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The term has three applications within the field of asset management,
which are summarized below.
1. Proximity to Functional Failure ("F")
Proximity refers to the distribution of the individual capital projects over time, within a prescribed planning horizon, and relative to the base year.
For example, a roof renewal that has been forecast for the year 2020 has closer proximity than a roof renewal in 2025.
Proximity has a significant financial impact on funding requirements as it has a bearing on the amount of time the owners have to raise the monies for each project.
Proximity models provide a straight line calculation to each capital event across the planning horizon but the straight line is always set to the base year.
An expression of the probability of failure (PoF) of an asset in terms of the number of years of remaining useful life.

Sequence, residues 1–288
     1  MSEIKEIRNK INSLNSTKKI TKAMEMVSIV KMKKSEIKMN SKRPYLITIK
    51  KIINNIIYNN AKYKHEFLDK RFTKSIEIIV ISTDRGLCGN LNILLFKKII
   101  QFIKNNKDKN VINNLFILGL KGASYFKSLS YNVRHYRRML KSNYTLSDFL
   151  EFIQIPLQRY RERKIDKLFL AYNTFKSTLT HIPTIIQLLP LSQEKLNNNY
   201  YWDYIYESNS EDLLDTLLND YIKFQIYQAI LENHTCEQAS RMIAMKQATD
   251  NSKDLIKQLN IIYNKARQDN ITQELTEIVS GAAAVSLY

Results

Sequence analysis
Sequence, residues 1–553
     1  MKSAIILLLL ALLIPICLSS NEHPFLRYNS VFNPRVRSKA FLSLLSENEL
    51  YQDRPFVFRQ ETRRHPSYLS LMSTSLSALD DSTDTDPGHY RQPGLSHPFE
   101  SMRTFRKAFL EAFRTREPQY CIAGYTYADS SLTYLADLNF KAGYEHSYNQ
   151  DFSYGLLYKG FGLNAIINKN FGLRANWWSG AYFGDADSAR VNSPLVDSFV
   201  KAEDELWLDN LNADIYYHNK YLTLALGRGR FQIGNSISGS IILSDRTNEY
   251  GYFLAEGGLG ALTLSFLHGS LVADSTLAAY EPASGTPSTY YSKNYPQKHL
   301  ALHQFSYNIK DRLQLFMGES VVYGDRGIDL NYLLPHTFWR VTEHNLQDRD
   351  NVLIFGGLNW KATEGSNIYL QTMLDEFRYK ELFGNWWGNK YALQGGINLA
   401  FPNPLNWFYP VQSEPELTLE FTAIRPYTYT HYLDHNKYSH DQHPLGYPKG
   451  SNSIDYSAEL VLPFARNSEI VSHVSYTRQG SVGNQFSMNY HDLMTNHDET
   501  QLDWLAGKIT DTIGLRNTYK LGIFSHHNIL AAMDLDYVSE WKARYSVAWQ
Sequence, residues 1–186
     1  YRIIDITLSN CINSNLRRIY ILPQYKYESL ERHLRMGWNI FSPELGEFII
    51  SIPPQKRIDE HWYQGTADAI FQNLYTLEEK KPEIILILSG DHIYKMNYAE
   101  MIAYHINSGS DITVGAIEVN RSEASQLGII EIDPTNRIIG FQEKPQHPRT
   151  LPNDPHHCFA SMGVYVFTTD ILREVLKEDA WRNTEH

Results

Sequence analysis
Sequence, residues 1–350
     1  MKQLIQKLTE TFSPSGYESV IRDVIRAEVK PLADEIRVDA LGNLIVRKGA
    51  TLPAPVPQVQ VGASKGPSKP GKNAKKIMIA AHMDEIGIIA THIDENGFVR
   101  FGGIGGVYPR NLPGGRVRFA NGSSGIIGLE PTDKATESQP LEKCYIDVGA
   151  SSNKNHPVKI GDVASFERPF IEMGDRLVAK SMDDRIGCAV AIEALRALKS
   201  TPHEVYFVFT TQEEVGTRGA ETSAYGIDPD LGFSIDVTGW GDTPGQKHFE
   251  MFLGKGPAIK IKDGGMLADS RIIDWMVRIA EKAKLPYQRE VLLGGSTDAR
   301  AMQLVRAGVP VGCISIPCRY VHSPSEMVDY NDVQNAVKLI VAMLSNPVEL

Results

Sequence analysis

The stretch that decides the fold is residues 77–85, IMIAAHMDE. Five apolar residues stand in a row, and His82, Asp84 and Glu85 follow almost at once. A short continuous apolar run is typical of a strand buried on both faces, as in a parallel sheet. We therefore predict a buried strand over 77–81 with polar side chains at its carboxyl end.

2. Proximity to Potential Failure ("P")
The number of years until it is forecast that an asset will reach the point of potential failure along its P-F curve. In other words, how much time until a shift needs to be made in the maintenance strategy to preserve the asset during the latter part of its lifecycle.
3. Proximity to Past P and F.
The amount of time that separates a building from:
It is paramount that the owner group understand that its funding history has a tremendous impact on its funding trajectory.
The aggregate of all the project proximities within a planning horizon is referred to as the proximity load (see also: capital load).
"Where we have been" is just as important as "where we are going". An understanding of the interaction of the past, present and future is captured in the principles of “catch-up” and “keep-up”.
Fig. Proximity of the base year to future projects and past projects across a 10-year tactical plan.
Fig. Proximity load measured across a tactical planning horizon by adding the remaining useful life to each asset renewal project.
Fig. The impact of proximity on unfunded liability - relative to base year and placed in service year.
Fig. Proximity to Potential Failure ("P") and Functional Failure ("F") along the P-F curve.
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